Your collection is beautiful! To be honest I didn’t know the history of ironstone. Thanks for sharing with us.
Thanks, Kim. I had some many questions about ironstone. It was perfect to do a post about it.
Cindy Rust says
Ok, you had me at ‘ironstone’ I can’t get enough of the stuff!! My first piece was acquired from my mother-in-law 38 years ago. It is a very large pitcher – probably a gallon – and she used it for iced tea at the dinner table everynight. It’s a real gem. Thanks for sharing your collection. Pinning to my ironstone board!
Thank you, Cindy. I just love ironstone too. Pitchers are my absolute favorite. It is always nice to acquire pieces from a family member or friend. It means so much more.
Leslie Watkins says
Oh, my goodness! Your collection is amazing! I only have a few pieces and I am such a fan. I visit a sweet shop in town that has so many gorgeous ironstone pitchers…and just admire…lovely post, my friend!
Thank you so much, Leslie. It’s the only thing that I have collected along with a few antique dishes. The white ironstone pitchers are my favorites and most used items.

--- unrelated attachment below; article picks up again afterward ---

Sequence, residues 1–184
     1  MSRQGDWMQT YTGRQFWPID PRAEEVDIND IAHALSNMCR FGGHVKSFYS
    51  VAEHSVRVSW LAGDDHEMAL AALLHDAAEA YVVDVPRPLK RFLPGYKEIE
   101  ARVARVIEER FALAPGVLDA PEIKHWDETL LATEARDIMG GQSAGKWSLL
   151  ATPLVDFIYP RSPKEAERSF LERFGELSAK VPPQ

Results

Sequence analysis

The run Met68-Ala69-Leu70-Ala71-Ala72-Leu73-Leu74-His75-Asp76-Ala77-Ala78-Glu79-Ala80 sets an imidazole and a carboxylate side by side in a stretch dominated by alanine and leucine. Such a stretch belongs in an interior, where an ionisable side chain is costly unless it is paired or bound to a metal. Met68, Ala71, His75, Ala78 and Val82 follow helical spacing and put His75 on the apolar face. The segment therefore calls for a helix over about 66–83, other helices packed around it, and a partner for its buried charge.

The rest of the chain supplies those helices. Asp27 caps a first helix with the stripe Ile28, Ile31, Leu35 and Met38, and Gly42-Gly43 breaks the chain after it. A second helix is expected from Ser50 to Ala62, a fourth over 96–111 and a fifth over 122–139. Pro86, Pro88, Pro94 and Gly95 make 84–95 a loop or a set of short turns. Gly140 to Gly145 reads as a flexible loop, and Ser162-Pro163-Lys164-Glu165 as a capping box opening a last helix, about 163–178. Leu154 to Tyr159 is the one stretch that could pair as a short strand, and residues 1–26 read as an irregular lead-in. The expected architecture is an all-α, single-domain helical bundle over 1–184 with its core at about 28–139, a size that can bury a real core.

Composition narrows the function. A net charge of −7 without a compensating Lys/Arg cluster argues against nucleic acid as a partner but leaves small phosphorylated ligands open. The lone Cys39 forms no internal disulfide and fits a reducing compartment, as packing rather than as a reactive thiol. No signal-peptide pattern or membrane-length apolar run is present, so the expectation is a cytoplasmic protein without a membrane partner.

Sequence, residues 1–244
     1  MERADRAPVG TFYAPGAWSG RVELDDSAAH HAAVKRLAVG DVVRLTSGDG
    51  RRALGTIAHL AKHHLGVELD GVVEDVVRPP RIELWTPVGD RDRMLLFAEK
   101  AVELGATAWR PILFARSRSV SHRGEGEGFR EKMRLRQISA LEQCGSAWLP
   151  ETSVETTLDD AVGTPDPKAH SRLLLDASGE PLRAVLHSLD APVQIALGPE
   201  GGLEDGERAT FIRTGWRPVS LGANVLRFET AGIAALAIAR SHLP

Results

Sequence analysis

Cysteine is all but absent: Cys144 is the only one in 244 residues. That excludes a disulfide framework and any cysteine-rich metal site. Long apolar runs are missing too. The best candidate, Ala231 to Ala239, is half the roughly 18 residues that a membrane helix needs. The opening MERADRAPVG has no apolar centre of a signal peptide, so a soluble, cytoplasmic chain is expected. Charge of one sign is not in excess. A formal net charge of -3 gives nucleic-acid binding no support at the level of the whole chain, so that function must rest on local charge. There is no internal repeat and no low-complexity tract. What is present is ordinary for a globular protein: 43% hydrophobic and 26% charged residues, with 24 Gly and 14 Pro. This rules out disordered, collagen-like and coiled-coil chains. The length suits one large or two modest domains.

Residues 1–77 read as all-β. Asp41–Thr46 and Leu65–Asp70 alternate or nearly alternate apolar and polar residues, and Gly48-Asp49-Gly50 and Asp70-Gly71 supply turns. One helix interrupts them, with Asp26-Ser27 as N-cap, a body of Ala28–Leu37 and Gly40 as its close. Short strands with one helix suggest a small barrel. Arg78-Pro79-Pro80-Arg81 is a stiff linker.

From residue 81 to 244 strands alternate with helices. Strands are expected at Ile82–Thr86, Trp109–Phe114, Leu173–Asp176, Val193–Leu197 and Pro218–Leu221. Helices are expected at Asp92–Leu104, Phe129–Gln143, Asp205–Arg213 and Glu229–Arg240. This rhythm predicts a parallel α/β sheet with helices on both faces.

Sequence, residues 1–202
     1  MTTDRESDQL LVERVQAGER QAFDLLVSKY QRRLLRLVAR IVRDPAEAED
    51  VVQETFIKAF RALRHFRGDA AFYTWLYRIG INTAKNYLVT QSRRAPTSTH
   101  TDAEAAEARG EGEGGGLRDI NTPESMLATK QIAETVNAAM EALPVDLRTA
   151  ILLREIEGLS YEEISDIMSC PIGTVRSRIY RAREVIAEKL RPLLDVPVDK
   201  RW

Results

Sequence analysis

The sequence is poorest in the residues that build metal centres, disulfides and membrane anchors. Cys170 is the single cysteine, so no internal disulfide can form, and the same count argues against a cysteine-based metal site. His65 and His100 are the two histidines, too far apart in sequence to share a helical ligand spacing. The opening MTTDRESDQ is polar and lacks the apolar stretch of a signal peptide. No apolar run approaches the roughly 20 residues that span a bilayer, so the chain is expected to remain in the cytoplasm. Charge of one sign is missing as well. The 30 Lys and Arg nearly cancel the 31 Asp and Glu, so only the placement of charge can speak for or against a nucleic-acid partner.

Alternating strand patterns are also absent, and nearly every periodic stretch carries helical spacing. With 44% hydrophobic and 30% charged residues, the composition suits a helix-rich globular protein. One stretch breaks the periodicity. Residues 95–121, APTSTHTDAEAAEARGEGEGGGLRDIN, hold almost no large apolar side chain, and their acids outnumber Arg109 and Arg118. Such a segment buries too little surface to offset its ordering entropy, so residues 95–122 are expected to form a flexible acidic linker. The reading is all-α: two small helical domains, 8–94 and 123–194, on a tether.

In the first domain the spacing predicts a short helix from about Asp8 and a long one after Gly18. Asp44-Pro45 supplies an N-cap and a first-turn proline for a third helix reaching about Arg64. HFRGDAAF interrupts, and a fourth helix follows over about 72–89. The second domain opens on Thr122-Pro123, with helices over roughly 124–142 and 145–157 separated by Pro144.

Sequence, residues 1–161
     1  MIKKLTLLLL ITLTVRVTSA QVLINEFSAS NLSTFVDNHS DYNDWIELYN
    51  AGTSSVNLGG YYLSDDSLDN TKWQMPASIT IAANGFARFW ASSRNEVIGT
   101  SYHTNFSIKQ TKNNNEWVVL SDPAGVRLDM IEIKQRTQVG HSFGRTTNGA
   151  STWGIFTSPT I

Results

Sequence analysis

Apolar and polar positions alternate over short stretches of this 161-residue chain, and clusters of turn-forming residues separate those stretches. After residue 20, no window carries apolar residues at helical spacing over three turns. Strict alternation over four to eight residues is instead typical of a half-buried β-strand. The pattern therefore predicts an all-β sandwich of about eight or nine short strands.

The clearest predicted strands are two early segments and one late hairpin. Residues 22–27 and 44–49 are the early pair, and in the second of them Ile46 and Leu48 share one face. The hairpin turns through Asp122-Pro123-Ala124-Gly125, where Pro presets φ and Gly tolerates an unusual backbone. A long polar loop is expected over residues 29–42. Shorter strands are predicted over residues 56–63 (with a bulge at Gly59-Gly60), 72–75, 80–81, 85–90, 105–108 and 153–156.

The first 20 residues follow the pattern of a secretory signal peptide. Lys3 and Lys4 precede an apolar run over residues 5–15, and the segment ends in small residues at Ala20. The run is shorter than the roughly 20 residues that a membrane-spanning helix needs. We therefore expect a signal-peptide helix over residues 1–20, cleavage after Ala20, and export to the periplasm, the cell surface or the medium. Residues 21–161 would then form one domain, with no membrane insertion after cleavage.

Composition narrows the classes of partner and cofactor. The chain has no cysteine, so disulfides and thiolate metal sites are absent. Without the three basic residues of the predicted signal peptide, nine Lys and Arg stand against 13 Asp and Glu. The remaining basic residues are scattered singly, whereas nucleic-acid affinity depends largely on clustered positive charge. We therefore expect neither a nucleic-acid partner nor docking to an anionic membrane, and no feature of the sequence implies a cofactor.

Oh, how I love white Ironstone, I love this idea. Thank you so much for linking up with Fabulous Friday Link Party! We sure appreciate you, Hugs and blessings to you.
Thank you, Renae. I had gotten lots of questions about my White Ironstone collection. It was perfect way to share information.
Anna Price says
What a beautiful collection and you provide some great information. I also see you have another one of my favorite collectibles – jadeite. Thank you for sharing such useful information.
Anna, thank you for visiting the blog. Yes, I love Jadeite as much as the vintage Ironstone. My Jadeite collection is small right now. I only have snagged a few pieces. Don’t you just love the color?